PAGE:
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‘I love the Eagles’: Cris Collinsworth opens up about controversial Eagles Super Bowl calls

Collinsworth was slammed by Eagles fans for saying two Super Bowl touchdowns should have been overturned.

ESPN's Jason Witten hopes to avoid the animosity NBC's Cris Collinsworth earned among Eagles fans while calling last year's Super Bowl, but said booing fans are just part of the game.
ESPN's Jason Witten hopes to avoid the animosity NBC's Cris Collinsworth earned among Eagles fans while calling last year's Super Bowl, but said booing fans are just part of the game. Read moreAP File Photo

During the Super Bowl, NBC Sunday Night Football analyst Cris Collinsworth garnered the anger of Eagles fans across the country when he incorrectly predicted that two touchdown catches — one by running back Corey Clement and one by tight end Zach Ertz — would be overturned by officials.

"I would have called that incomplete," a frustrated Collinsworth said during the Super Bowl broadcast after officials confirmed Clement's touchdown catch. "If that ball's not loose in his arms when that last foot came down, I give up."

Since making those calls, Collinsworth has had the entire offseason to watch the two plays over and over. But speaking to a small crowd of Comcast employees in Philadelphia Tuesday afternoon, he said he stands by his opinion that Clement's touchdown catch should have been overturned and ruled an incomplete pass.

"The Corey Clement play — I probably wouldn't change my opinion on it," Collinsworth said. "All season long — I did 30 games — if you bobbled the ball and stepped on the line, it was incomplete. That was incomplete."

But Collinsworth admitted he changed his mind about Ertz's fourth-quarter touchdown grab, which ended up winning the Super Bowl for the Eagles.

During the broadcast, after initially saying he wasn't going to make a guess, Collinsworth predicted Ertz's catch would be overturned because the tight end briefly lost control of the ball when he hit the ground after diving for the end zone. To both Collinsworth and play-by-play announcer Al Michaels, the play mirrored a touchdown catch by Pittsburgh Steelers tight end Jesse James that was overturned during a late-season game against the Patriots.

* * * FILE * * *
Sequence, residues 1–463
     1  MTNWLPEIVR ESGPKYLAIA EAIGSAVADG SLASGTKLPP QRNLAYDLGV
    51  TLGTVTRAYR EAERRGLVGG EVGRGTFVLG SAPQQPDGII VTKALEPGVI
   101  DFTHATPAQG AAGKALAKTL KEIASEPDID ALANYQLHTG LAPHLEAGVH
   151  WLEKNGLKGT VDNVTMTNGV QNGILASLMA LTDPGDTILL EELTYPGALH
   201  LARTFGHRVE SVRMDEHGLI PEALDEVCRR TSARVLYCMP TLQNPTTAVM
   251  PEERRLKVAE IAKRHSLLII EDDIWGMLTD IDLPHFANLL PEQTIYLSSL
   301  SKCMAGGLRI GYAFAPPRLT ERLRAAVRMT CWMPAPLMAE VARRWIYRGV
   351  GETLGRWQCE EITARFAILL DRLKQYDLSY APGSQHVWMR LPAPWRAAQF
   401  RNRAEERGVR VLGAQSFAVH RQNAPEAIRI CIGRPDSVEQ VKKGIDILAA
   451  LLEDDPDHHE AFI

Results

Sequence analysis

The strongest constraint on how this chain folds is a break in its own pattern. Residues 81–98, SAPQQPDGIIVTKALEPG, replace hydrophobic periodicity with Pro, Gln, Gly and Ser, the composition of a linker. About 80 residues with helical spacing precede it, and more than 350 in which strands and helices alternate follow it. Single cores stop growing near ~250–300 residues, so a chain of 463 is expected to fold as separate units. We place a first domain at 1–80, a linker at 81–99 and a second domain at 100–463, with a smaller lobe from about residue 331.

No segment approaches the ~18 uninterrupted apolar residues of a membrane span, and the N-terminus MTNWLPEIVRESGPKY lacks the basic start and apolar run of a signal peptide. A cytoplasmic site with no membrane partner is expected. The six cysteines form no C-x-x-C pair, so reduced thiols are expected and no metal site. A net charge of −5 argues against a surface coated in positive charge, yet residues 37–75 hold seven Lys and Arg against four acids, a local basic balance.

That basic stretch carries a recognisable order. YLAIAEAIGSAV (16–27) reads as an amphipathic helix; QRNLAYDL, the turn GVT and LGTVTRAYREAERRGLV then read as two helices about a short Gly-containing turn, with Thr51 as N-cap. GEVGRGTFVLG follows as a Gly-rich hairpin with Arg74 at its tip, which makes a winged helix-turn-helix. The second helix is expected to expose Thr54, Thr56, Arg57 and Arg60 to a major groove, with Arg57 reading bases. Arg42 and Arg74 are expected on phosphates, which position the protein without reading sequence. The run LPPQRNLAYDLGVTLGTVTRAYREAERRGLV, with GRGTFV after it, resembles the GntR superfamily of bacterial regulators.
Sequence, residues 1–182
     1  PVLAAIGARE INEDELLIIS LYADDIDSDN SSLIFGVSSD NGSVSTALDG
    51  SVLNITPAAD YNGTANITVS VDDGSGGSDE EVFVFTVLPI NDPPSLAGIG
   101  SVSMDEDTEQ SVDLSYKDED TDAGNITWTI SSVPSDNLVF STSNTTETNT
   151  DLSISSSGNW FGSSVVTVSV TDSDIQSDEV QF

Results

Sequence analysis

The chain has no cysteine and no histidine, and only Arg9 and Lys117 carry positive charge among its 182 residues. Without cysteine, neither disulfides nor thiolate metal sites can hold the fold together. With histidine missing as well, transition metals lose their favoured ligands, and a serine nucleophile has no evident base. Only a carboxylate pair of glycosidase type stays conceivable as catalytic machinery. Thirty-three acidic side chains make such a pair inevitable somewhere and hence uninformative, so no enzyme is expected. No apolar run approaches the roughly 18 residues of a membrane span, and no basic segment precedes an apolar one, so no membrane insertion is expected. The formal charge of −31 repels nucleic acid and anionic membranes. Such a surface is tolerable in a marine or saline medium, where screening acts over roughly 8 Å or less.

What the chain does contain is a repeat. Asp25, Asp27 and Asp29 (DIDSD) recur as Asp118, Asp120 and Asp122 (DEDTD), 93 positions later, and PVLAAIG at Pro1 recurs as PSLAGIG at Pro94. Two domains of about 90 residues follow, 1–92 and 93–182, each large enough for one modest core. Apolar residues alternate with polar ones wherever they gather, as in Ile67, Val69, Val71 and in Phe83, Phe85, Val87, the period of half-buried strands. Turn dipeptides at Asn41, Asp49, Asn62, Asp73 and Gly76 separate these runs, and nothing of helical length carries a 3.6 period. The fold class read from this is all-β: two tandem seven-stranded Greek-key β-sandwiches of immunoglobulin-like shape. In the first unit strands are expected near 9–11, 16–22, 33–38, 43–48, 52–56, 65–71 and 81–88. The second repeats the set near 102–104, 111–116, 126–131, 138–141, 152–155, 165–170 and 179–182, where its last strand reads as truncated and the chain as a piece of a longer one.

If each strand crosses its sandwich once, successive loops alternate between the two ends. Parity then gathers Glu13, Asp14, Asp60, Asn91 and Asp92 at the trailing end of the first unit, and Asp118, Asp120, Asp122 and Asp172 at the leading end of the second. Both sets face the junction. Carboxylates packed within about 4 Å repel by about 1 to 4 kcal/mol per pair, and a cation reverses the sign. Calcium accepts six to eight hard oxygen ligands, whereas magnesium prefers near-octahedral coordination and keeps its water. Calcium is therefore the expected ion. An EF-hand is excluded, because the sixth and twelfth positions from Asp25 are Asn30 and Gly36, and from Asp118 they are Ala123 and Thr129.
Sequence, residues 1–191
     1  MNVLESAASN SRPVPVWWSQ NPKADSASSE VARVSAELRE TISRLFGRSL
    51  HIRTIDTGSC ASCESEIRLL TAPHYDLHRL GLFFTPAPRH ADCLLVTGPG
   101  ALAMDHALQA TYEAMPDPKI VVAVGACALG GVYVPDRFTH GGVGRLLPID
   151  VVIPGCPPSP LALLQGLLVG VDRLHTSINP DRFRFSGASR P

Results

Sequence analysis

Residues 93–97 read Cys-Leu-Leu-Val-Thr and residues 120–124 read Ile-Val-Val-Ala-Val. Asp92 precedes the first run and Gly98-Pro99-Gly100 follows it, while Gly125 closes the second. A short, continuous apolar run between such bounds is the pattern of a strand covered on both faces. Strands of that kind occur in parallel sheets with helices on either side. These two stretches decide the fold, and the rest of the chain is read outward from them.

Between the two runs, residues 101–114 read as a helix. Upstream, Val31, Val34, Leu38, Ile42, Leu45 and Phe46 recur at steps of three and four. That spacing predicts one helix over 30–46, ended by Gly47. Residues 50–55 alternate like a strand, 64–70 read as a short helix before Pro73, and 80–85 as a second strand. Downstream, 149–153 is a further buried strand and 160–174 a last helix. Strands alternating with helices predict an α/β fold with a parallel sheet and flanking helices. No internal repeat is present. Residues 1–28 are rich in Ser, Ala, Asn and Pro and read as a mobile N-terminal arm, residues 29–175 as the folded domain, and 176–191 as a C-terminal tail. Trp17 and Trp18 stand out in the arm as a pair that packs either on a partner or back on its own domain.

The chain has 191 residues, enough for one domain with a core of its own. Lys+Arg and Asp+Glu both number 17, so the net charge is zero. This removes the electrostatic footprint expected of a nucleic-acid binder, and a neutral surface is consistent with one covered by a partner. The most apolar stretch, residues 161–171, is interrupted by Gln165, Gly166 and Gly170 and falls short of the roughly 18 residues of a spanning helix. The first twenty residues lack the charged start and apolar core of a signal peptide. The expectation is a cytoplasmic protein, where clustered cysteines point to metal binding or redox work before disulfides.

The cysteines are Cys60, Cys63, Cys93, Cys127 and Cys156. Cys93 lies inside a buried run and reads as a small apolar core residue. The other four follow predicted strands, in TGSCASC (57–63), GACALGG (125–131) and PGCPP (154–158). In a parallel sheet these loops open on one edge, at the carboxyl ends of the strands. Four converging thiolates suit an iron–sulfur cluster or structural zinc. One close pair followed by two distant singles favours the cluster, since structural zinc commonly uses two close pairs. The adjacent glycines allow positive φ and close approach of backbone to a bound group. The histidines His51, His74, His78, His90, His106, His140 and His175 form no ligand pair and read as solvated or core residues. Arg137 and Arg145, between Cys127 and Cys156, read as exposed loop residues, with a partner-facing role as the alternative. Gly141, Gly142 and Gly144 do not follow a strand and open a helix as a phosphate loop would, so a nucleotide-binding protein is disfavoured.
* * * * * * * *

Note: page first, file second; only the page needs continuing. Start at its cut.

But in hindsight, Collinsworth, who will call the Eagles' season opener against the Atlanta Falcons on NBC next week, said he thinks officials got that catch call correct, and that Ertz legitimately scored a touchdown.

"I wish I'd never said that," Collinsworth said of predicting Ertz's touchdown would be overturned. "I wish I would've just said what was the simple truth, which was I had no idea. That was my mistake."

Many Eagles fans, convinced Collinsworth was rooting for Tom Brady and the Patriots to win, remained angry following the Super Bowl. A number were even heard chanting "Shut up Chris Collinsworth!" during a replay of the game shown on the jumbotrons along the Benjamin Franklin Parkway during the team's championship parade.

Collinsworth, who was highly complimentary of quarterback Nick Foles' performance during the Super Bowl broadcast, didn't understand why so many Eagles fans thought he was showing favoritism to the Patriots. But he said he's realized that his frustration during those two calls shaded fans' opinions.

"It was the first time during a call that I think my frustration came out. I was frustrated and strictly talking about the fact that I'll never get these rules. I saw 30 different games last year and I feel like it was called 30 different ways," Collinsworth said. "I love the Eagles."

>> READ MORE: Complete Eagles season schedule

During the offseason, NFL teams unanimously approved a simplified catch rule that eliminated the provision surrounding slight movement of the football when it hits the receiver's hands and got rid of the going-to-the-ground requirement. The league is also returning to the old standard of overruling a catch only when the instant replay evidence is indisputable.

Collinsworth said he thinks the new rule is still too complicated, and contains enough gray area that it will remain difficult for fans and announcers to clearly know what constitutes a catch.

"The one that makes me nervous is when you have to make a football move, or there was time for you to make a football move. And I'm like, 'What's that? How much?'" Collinsworth said. "And now there can also be some movement on the football. What's that?"

Collinsworth said he was happy about one change heading into the NFL season — he'll be joined in the booth by former NFL official Terry McAulay, who announced his retirement from the league during the offseason and was promptly scooped up by NBC as a rules analyst for Sunday Night Football.

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"The greatest thing in the world? I got Terry in the booth this season, so I can just turn and go, 'Terry, what do you think?'" Collinsworth said.